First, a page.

Chlordiazepoxide
Brand Name(s):
  • A-poxide®¶
  • Chlordiazachel®¶
  • H-Tran®¶
  • Librelease®¶
  • Libritabs®¶
  • Librium®
  • Lygen®¶
  • Mitran®¶
  • Poxi®¶
  • Limbitrol®(as a combination product containing Amitriptyline, Chlordiazepoxide)¶
  • Menrium®(as a combination product containing Chlordiazepoxide, Esterified Estrogens)¶
WHY is this medicine prescribed?
Chlordiazepoxide is used to relieve anxiety and to control agitation caused by alcohol withdrawal.

HOW should this medicine be used?
Chlordiazepoxide comes as a tablet and capsule to take by mouth. It usually is taken one to four times a day with or without food. Follow the directions on your prescription label carefully, and ask your doctor or pharmacist to explain any part you do not understand. Take chlordiazepoxide exactly as directed.

Chlordiazepoxide can be habit-forming. Do not take a larger dose, take it more often, or for a longer time than your doctor tells you to. Tolerance may develop with long-term or excessive use, making the drug less effective. This medication must be taken regularly to be effective. Do not skip doses even if you feel that you do not need them. Do not take chlordiazepoxide for more than 4 months or stop taking this medication without talking to your doctor. Stopping the drug suddenly can worsen your condition and cause withdrawal symptoms (anxiousness, sleeplessness, and irritability). Your doctor probably will decrease your dose gradually.

Are there OTHER USES for this medicine?
Chlordiazepoxide is also used to treat irritable bowel syndrome. Talk to your doctor about the possible risks of using this drug for your condition.

This medication is sometimes prescribed for other uses; ask your doctor or pharmacist for more information.

What SPECIAL PRECAUTIONS should I follow?
Before taking chlordiazepoxide,

  • tell your doctor and pharmacist if you are allergic to chlordiazepoxide, alprazolam (Xanax), clonazepam (Klonopin), clorazepate (Tranxene), diazepam (Valium), estazolam (ProSom), flurazepam (Dalmane), lorazepam (Ativan), oxazepam (Serax), prazepam (Centrax), temazepam (Restoril), triazolam (Halcion), or any other drugs.
  • tell your doctor and pharmacist what prescription and nonprescription drugs you are taking, especially antihistamines; cimetidine (Tagamet); digoxin (Lanoxin); disulfiram (Antabuse); fluoxetine (Prozac); isoniazid (INH, Laniazid, Nydrazid); ketoconazole (Nizoral); levodopa (Larodopa, Sinemet); medications for depression, seizures, Parkinson's disease, pain, asthma, colds, or allergies; metoprolol (Lopressor, Toprol XL); muscle relaxants; oral contraceptives; probenecid (Benemid); propoxyphene (Darvon); propranolol (Inderal); rifampin (Rifadin); sedatives; sleeping pills; theophylline (Theo-Dur); tranquilizers; valproic acid (Depakene); and vitamins. These medications may add to the drowsiness caused by chlordiazepoxide.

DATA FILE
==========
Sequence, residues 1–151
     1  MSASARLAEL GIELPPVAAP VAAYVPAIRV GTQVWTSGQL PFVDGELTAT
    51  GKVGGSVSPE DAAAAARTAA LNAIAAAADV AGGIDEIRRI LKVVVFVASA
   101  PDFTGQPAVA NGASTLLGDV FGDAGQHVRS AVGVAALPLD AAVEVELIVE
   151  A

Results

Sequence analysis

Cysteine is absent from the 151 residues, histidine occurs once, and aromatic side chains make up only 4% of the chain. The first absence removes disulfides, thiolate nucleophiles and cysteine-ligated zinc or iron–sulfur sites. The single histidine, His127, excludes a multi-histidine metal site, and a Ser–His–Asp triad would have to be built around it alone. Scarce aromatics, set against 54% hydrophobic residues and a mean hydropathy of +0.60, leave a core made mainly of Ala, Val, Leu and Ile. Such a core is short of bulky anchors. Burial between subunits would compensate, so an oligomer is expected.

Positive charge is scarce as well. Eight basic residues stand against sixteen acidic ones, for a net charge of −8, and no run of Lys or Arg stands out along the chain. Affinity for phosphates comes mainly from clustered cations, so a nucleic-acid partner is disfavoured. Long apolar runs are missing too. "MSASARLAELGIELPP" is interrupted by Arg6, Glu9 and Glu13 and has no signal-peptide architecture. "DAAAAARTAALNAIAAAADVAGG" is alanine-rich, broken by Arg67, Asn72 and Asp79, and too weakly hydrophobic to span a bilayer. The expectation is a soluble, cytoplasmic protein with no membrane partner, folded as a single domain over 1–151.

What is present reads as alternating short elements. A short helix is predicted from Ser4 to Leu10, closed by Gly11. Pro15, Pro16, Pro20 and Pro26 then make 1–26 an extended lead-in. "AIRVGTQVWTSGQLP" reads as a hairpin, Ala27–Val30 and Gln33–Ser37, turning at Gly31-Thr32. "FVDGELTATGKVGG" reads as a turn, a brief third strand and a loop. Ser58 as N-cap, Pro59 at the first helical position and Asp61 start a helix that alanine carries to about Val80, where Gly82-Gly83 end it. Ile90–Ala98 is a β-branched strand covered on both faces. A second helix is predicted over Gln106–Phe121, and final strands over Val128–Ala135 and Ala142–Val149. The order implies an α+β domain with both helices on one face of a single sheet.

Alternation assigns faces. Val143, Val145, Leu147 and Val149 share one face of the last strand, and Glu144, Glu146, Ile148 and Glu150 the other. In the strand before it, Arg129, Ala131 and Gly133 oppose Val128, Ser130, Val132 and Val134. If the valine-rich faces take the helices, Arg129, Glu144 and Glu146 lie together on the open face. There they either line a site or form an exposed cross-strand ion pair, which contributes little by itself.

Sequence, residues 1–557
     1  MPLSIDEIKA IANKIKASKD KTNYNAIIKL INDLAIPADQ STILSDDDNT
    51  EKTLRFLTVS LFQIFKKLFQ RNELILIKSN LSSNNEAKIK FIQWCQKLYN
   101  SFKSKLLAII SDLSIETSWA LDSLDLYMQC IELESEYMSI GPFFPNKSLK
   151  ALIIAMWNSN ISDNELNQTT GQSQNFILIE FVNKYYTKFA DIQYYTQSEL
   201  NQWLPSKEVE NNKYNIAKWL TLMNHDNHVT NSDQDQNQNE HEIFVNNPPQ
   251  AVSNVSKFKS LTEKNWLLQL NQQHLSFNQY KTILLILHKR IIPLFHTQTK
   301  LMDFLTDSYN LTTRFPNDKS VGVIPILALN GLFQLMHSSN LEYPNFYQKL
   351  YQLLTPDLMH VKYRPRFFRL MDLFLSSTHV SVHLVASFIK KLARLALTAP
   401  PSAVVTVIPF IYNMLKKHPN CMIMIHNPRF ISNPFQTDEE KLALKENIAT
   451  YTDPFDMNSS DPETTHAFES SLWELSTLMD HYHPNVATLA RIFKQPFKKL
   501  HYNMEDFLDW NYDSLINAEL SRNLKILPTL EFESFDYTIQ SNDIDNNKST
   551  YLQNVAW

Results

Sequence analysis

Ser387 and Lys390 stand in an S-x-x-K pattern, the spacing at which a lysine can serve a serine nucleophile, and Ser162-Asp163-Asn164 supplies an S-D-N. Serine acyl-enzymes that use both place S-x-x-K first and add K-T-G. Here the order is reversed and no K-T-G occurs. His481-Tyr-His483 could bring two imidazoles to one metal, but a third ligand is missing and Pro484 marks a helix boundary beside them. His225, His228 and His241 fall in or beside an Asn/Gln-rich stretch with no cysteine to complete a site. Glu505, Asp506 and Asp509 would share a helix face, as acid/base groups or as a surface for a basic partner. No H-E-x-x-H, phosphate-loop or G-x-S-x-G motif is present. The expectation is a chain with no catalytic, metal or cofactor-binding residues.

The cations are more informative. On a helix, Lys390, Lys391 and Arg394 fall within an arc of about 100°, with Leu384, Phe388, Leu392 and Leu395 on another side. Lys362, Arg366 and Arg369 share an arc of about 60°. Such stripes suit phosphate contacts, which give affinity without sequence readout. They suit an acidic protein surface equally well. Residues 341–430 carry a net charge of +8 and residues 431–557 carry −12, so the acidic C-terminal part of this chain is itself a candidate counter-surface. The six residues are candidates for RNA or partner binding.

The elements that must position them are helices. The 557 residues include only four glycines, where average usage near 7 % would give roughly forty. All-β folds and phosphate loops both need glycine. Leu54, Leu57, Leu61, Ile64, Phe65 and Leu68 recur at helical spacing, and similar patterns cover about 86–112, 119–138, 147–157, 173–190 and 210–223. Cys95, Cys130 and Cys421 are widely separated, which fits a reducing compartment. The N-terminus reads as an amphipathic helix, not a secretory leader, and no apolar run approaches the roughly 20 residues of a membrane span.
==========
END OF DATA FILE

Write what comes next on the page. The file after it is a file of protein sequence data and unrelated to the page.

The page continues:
• tell your doctor if you have or have ever had glaucoma; seizures; or lung, heart, or liver disease.
  • tell your doctor if you are pregnant, plan to become pregnant, or are breast-feeding. If you become pregnant while taking chlordiazepoxide, call your doctor immediately.
  • talk to your doctor about the risks and benefits of taking chlordiazepoxide if you are 65 years of age or older. Older adults should not usually take chlordiazepoxide because it is not as safe or effective as other medication(s) that can be used to treat the same condition.
  • if you are having surgery, including dental surgery, tell the doctor or dentist that you are taking chlordiazepoxide.
  • you should know that this drug may make you drowsy. Do not drive a car or operate machinery until you know how this drug affects you.